There is a wave of new innovation at the local level of government, and much of it is coming not from government but from citizens. This is happening through a rapidly proliferating ecosystem of civic innovation labs, platforms that connect citizens with each other and with government to share ideas, define community problems and find solutions. For cities, the challenge will be to learn from, adapt to and manage these new pathways to more effective government.
The central premise of civic innovation labs is that they are "bottom-up" problem-solving tools. Their value is in the fact that they live outside of the structured, rule-bound worlds of government and nonprofits. Their freedom from bureaucratic constraints on creativity is likely to be a central source of innovation.
Another strength of these labs is in their variety in models. They can be initiated by governments, nonprofits, universities, private companies, citizens or, through partnerships, some combination of the five. So far, there is no clear consensus on which model has the best impact, but clues are beginning to emerge.
In Chicago, for example, the two-year-old CivicLab is a co-working space focused on social justice and civic engagement. The lab was created by a private citizen who makes the facility open to whichever individuals and groups would like to rent space, and they work on projects specific to Chicago, such as Moms United Against Violence and Incarceration, Chicago Votes, and the Young Invincibles project.
The city of Los Angeles partnered with two existing collaboration organizations, Impact Hub Los Angeles and Learn Do Share, and with the city controller's open-data portal to launch L.A.'s Civic Innovation Lab. In a recent innovation session called #DroughtHack, more than 600 designers, data scientists, technologists and others came together to work on issues of water conservation, transportation and community. A partnership of 15 government, nonprofit and community organizations hosted, judged and awarded prizes.
We are seeing large successes in labs that leverage partnership among universities, industry and government. In 2014, Chicago's UI Labs (which stands for University+Industry Labs) received $70 million from the Department of Defense to fund manufacturing innovation. Although pilot projects with manufacturers have just begun, the project reflects years of planning and early funding.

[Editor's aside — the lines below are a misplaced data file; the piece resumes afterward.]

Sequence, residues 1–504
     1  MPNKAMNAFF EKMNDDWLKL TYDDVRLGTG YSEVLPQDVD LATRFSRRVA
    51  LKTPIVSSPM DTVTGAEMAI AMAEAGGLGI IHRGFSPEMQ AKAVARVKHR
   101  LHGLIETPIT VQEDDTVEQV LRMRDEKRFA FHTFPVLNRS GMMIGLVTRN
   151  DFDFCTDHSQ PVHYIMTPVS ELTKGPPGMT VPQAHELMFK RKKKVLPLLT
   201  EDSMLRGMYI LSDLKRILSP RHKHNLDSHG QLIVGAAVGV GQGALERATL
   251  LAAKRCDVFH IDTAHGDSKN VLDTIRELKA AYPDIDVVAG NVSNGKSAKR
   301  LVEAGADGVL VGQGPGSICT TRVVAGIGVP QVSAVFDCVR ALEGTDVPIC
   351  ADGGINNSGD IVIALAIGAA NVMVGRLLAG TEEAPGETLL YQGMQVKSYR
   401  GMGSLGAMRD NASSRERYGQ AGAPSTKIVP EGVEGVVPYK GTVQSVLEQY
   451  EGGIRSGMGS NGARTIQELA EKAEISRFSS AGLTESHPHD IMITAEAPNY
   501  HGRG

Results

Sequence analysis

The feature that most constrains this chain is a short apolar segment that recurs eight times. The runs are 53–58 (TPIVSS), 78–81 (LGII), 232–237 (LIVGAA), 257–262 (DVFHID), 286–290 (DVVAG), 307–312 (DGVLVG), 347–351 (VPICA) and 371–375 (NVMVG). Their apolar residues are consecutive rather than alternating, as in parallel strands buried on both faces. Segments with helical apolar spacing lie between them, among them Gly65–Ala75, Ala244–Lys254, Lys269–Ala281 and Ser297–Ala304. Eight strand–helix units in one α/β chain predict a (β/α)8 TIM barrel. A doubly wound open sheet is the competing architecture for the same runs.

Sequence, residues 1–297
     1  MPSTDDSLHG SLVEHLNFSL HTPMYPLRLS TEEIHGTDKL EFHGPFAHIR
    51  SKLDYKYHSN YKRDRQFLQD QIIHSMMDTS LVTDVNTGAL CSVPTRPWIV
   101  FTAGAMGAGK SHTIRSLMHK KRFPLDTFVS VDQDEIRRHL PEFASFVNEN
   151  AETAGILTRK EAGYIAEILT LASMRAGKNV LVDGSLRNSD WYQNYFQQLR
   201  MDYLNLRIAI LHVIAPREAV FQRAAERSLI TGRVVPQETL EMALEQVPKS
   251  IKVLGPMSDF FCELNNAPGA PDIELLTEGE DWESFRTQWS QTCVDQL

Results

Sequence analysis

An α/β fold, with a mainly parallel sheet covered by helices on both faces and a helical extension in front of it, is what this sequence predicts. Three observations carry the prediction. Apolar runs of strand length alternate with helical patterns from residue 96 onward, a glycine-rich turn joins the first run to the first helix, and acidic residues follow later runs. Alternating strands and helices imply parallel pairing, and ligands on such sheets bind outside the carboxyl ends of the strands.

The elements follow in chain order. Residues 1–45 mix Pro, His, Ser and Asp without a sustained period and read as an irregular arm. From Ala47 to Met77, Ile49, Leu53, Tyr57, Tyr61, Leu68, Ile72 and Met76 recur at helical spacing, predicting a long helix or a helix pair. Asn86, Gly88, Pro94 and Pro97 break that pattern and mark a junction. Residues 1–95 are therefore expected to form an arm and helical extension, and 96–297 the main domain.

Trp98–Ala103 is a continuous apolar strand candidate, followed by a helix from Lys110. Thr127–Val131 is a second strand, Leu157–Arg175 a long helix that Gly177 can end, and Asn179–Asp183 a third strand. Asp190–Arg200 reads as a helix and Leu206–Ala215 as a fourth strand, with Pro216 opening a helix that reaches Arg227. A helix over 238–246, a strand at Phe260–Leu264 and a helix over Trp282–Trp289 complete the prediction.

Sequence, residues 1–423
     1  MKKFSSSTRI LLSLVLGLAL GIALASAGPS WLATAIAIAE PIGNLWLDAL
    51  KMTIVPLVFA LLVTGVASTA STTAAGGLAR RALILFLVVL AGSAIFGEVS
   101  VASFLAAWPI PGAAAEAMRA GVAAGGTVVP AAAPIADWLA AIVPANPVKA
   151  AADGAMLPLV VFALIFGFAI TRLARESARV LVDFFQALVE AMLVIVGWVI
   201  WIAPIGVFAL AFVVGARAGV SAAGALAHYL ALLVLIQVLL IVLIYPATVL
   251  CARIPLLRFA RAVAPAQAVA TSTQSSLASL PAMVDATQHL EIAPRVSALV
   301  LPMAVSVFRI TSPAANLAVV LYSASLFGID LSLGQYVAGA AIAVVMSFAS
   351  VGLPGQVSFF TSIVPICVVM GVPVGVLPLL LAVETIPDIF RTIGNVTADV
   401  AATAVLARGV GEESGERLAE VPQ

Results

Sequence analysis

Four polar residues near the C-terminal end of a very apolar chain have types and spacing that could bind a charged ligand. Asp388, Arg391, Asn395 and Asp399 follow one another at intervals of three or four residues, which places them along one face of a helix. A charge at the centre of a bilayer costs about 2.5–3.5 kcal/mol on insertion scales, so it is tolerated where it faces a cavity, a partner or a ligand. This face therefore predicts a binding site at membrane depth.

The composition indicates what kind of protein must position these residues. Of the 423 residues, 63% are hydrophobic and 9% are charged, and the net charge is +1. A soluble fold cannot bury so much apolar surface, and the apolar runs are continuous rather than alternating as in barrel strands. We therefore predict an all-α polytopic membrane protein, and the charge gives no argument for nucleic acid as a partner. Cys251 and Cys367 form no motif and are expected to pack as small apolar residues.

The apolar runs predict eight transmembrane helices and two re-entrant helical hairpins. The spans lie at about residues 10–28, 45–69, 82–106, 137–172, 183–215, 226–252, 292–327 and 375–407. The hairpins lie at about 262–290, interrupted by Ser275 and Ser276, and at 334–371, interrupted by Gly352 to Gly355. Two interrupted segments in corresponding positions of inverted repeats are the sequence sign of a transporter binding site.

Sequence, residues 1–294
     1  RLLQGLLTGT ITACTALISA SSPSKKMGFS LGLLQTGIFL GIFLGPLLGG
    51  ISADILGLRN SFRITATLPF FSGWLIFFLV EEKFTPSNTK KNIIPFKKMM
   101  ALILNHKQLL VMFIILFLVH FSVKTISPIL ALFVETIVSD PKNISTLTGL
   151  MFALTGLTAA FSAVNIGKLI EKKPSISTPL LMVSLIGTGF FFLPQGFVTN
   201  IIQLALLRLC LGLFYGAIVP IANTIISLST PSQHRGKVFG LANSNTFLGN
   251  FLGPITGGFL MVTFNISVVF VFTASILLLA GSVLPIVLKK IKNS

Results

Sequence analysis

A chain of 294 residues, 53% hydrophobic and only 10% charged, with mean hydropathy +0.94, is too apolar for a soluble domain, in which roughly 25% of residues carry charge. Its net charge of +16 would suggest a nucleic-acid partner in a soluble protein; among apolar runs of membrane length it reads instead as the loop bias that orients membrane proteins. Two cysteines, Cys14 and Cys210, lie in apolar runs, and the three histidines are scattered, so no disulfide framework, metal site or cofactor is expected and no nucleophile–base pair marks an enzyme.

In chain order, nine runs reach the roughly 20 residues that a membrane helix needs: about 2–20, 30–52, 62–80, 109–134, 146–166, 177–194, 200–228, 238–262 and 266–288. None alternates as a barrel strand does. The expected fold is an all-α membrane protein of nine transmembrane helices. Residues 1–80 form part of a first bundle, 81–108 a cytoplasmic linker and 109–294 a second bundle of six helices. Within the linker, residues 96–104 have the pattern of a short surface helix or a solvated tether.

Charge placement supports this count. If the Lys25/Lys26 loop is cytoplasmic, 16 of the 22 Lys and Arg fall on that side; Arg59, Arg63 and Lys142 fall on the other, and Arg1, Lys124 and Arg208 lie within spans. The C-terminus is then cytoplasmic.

As these innovation labs spread, some effective strategies for nurturing them are emerging. Here are five of the most important:
Engaging the community: Synergy among citizens, technologists, private industry, government officials and data scientists provides fertile ground for ideas and innovation.
Defining spaces for brainstorming and idea sharing: Many individuals can be innovators but are likely to need the process to be facilitated, which can be as simple as providing a room that's free of distractions and equipped with whiteboards.
Seeking a good fit early on: Just because an idea is innovative doesn't mean it will solve the problem at hand. To optimize the process, it's important that the problem be defined early on by as many groups as possible to avoid wasting time on ideas that simply would not work.
Long-term planning and consistent focus: Facilitation that is not sporadic and is well focused is likely to increase innovation, productivity and impact.
Partnership and collaboration: The inclusion of several partners from varied sectors ensures that problems are defined in a nuanced way that takes into consideration as many essential elements as possible.
As innovation labs continue to pop up, it will be important for governments to do a number of things, including tracking whether the innovations that are developed are making an impact -- which includes developing metrics to evaluate investments -- and finding ways to replicate successful models as they emerge. Managing the next generation of civic innovation platforms will itself require innovation.